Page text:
When we read a large decimal word, such as one thousand and twenty four, we understand it because we have been educated to know what value each of the individual numbers represents and how they are organised.

1000's 100's 10's Units
1 0 2 4

 

 

Caption - Binary base 2

Binary is the base 2 counting system on which all digital information and software is based, including ..

operating systems

applications

.. and data, including digital audio

Complex strings of 1's and 0's are combined to create the files which comprise the digital systems we use.

 

Caption - The Bit - the digital alphabet

Binary is the logical choice of counting system for digital computers because at the physical level of machine code, including electrical signals and transistors, computers are limited in how they can represent information. Digital signals only have 2 states, on and off and can therefore only represent one of 2 values in a single digit .. 0 and 1.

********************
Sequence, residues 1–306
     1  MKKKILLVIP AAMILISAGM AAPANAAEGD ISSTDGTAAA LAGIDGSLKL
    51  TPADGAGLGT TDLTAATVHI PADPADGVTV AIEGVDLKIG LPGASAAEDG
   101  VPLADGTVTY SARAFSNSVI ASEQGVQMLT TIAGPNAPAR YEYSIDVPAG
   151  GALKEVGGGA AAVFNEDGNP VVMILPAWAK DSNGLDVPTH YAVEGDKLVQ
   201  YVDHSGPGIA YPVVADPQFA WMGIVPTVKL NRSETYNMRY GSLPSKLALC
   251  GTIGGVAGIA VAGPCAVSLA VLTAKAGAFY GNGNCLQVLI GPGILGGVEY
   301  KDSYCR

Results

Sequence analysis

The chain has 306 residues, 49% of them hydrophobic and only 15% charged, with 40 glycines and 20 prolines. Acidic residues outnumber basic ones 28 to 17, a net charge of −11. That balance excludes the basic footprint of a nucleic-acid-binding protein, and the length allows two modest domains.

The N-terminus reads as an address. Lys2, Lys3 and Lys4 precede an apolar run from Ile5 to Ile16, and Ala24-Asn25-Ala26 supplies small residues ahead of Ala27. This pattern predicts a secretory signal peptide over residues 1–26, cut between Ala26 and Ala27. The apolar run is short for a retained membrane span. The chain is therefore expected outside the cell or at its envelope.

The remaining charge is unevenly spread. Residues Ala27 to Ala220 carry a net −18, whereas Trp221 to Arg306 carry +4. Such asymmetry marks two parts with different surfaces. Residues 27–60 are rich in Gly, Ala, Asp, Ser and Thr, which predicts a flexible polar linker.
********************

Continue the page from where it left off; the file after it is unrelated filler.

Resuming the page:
State Binary value
Off 0
On 1

 

A single digit of digital information is known as a bit. The bit is the alphabet of binary.

 

 

Caption - Bytes - the digital word

A bit on its own is not much use, so multiple bits are combined to form digital words known as bytes. Early computers used an arrangement of 8-bit bytes, and this system has endured. The following are a few examples showing a decimal number and its equivalent byte...

Decimal Byte (binary) equivalent
0 00000000
1 00000001
2 00000010
3 00000011
4 00000100
5 00000101
6 00000110
7 00000111
8 00001000
9 00001001
10 00001010

 

 

Although this arrangement means that a single digit decimal number, such as 5, requires 8 digits, 0 0 0 0 0 1 0 1, when represented in a binary byte, there are huge advantages, not least of which is the ability to process and transmit digital signals at the speed of light and for binary data to be represented in many different physical forms.